Editorial Comment to Pathophysiology of urinary incontinence in murine models

Authors


Among incontinent women, estimates are that 50% suffer from a type of stress urinary incontinence (SUI).[1] Only a few drugs have a beneficial effect on the treatment of SUI. Because the prevalence of SUI is greatest among the elderly, it is important that therapeutic risks are taken into consideration for older patients. Surgical intervention is not without risks, and SUI is not a life-threatening ailment.

Indeed, the pathophysiology of SUI has been well summarized in a recent review.[2] In the current literature, there are some interesting points about sex difference in urethral closure mechanisms and urethral compensatory mechanisms to maintain urinary continence after vaginal delivery.

There is no ideal model that truly mimics the likely multifactorial aspect of the pathophysiology of SUI. What are the limitations of the SUI murine model? The first one is a behavior difference between rats and humans. Rats walk with four legs, whereas humans walk with two legs in a standing position. The second one is the duration of urethral functional damage after injury.

Even with such limitations, a SUI animal model could be useful for preclinical testing of pharmacological agents and understanding the pathophysiology of SUI. Recently, Kadekawa et al. reported that propiverine treatment that increases plasma catecholamine levels could contribute to improvement of SUI conditions by increasing urethral resistance using a rat SUI model.[3] This is a new mechanism of SUI drug for urethral function, shown by an animal model.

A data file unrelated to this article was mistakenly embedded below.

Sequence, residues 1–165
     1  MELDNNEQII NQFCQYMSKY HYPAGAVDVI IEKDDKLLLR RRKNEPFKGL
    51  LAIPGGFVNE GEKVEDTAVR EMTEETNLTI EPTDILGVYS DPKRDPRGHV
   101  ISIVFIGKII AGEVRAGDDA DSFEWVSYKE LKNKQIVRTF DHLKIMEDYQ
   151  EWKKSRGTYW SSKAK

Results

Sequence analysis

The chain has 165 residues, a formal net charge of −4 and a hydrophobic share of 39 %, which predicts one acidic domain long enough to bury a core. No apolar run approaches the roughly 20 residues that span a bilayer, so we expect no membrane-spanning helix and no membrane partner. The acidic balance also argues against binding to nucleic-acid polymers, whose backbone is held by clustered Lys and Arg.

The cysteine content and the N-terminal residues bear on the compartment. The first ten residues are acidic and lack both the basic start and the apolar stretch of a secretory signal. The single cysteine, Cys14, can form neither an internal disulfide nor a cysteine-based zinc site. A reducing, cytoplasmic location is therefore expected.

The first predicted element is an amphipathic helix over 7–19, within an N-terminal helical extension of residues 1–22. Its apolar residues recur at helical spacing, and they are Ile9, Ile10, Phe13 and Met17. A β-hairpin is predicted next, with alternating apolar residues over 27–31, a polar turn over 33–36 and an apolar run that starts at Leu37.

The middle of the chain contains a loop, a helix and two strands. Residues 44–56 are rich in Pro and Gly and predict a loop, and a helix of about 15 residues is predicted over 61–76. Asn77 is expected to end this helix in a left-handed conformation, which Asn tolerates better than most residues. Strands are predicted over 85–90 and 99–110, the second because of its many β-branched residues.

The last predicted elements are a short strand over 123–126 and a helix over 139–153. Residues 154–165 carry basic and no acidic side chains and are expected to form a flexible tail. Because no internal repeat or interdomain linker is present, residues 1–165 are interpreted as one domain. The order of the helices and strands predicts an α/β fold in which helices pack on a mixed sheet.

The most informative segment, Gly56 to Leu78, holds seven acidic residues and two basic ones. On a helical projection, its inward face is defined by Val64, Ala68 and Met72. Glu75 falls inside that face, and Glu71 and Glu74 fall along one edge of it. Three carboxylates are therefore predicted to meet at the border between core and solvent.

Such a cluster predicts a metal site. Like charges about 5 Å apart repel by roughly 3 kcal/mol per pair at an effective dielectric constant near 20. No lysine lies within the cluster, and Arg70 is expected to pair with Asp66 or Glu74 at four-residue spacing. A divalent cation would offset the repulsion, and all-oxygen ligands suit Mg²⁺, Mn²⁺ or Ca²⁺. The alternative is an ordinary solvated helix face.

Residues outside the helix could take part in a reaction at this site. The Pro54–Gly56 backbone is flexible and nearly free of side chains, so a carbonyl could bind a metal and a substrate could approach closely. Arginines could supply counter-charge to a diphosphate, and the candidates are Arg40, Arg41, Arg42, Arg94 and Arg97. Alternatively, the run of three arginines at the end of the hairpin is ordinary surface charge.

Clinically, the symptoms of SUI often do not appear until a few years after the last delivery. Animal studies could be useful for testing the effect of vaginal childbirth. However, SUI animal models have been criticized because of the relatively short durability. In this review, Koike et al. reported that urethral smooth muscle activity might be enhanced by switching from nitric oxide-mediated relaxation to the α1-AR and MR-mediated contractile responses 4 weeks after pudendal nerve injury to compensate for the deficient striated muscle function.[4] This is quite an interesting point, and we can glimpse one side of the recovery mechanism after vaginal childbirth. However, such a recovery system has multiple components, so we require an integrated understanding of the urethral functional recovery mechanism. Further studies are required to clarify components. I hope that clarification of the pathophysiology of SUI might bring hope to the SUI patients.

Conflict of interest

None declared.

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